Is this real? We’re nearly at the halfway point of the season, and the Timberwolves haven’t faltered, which is rapidly forcing us to consider that it might be. Anthony Edwards is making the superstar leap right in front of our eyes, averaging a career-best everything and assuming the mantle of alpha dog on this roster. Karl-Anthony Towns, finally healthy, has become an efficiency god and is flirting with a 50-40-90 season. Behind the efforts of Rudy Gobert and Jaden McDaniels, the Wolves sport the best defensive rating in basketball. Naz Reid is among the league’s best backup bigs, and the ever-reliable Mike Conley Jr. is stirring the drink as always.

Their net rating (+5.6) sags behind the league’s elite, and they’ve slowed somewhat in recent weeks, just 4-3 in their last seven games as the Thunder have snuck up on them. Can this team overcome their postseason demons and make a real splash? We won’t know until they get there. But thus far, this season has far surpassed even the most favorable of expectations, and breathed some life into a franchise that sorely needed it.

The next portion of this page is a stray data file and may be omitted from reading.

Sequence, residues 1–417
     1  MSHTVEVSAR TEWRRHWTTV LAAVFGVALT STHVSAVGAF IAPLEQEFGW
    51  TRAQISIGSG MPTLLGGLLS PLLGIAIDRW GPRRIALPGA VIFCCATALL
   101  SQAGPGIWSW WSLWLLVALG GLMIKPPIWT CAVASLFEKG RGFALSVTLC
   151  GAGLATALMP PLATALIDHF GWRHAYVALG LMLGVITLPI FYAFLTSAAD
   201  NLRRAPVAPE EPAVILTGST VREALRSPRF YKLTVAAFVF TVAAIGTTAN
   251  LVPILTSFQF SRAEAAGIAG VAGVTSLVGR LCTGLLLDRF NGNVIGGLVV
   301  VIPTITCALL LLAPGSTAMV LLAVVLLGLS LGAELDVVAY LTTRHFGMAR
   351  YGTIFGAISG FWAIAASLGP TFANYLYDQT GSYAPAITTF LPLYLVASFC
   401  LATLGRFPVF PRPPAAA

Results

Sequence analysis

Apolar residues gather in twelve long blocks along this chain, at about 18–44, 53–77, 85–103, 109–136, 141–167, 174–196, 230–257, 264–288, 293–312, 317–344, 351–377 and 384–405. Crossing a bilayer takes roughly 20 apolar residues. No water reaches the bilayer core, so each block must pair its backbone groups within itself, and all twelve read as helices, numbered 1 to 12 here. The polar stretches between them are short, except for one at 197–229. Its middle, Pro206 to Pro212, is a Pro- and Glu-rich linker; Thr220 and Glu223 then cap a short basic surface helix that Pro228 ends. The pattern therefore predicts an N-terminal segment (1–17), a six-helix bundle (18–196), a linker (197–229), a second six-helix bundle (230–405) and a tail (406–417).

Next up: Bouncing back

The new week began for the Celtics last night, as they faced the Toronto Raptors on the road on Monday and walked away with a mostly comfortable 105-96 win. From there, the reigning #1 overall pick comes to town for the first time in his career, as the Celtics host the San Antonio Spurs and 19-year-old Victor Wenbanyama on Wednesday night. Friday, they’ll play host to the reigning champs — Nikola Jokic and the Denver Nuggets — before traveling to Houston for a rematch with the Rockets on Sunday.

The Celtics are still waiting on that easy schedule, and they won’t find it just yet. This is another tough slate, with the rebuilding Raptors the only “easy” matchup on paper. We’ll be back next week to discuss how the Celtics fared against another slate consisting of mostly playoff-hopeful teams.